A common neural system is activated in hearing non-signers to process French Sign language and spoken French
Brain Research Bulletin. 2011-01-01; 84(1): 75-87
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1. Brain Res Bull. 2011 Jan 15;84(1):75-87. doi: 10.1016/j.brainresbull.2010.09.013.
Epub 2010 Oct 7.
A common neural system is activated in hearing non-signers to process French sign
language and spoken French.
Courtin C(1), Jobard G, Vigneau M, Beaucousin V, Razafimandimby A, Hervé PY,
Mellet E, Zago L, Petit L, Mazoyer B, Tzourio-Mazoyer N.
(1)GIN, CI-NAPS, UMR6232, CNRS, CEA, France.
We used functional magnetic resonance imaging to investigate the areas activated
by signed narratives in non-signing subjects naïve to sign language (SL) and
compared it to the activation obtained when hearing speech in their mother
tongue. A subset of left hemisphere (LH) language areas activated when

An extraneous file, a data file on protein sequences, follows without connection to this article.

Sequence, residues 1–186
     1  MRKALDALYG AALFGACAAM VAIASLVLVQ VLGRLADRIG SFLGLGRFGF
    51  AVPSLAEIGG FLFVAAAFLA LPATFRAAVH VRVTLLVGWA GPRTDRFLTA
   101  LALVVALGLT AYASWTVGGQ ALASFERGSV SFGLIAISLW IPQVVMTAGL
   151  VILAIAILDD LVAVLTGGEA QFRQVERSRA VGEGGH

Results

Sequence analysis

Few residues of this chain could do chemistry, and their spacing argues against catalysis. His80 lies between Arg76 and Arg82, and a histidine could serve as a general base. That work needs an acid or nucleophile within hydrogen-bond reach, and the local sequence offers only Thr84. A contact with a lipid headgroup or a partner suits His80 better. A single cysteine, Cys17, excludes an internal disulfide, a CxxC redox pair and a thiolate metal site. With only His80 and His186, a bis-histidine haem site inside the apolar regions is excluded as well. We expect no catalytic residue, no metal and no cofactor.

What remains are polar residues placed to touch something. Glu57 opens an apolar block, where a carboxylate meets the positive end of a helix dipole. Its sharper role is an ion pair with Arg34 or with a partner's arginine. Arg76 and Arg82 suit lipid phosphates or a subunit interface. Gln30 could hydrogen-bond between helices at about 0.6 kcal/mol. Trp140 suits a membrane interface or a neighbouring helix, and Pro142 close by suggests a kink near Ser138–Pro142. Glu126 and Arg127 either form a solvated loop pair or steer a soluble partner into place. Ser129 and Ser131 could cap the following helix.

participants watched an audio-visual narrative in their mother tongue was
activated when they observed a signed narrative. The inferior frontal (IFG) and
precentral (Prec) gyri, the posterior parts of the planum temporale (pPT) and of
the superior temporal sulcus (pSTS), and the occipito-temporal junction (OTJ)
were activated by both languages. The activity of these regions was not related
to the presence of communicative intent because no such changes were observed
when the non-signers watched a muted video of a spoken narrative. Recruitment was
also not triggered by the linguistic structure of SL, because the areas, except
pPT, were not activated when subjects listened to an unknown spoken language. The
comparison of brain reactivity for spoken and sign languages shows that SL has a
special status in the brain compared to speech; in contrast to unknown oral
language, the neural correlates of SL overlap LH speech comprehension areas in
non-signers. These results support the idea that strong relationships exist
between areas involved in human action observation and language, suggesting that
the observation of hand gestures have shaped the lexico-semantic language areas
as proposed by the motor theory of speech. As a whole, the present results
support the theory of a gestural origin of language.
Copyright © 2010 Elsevier Inc. All rights reserved.
PMID: 20933062 [Indexed for MEDLINE]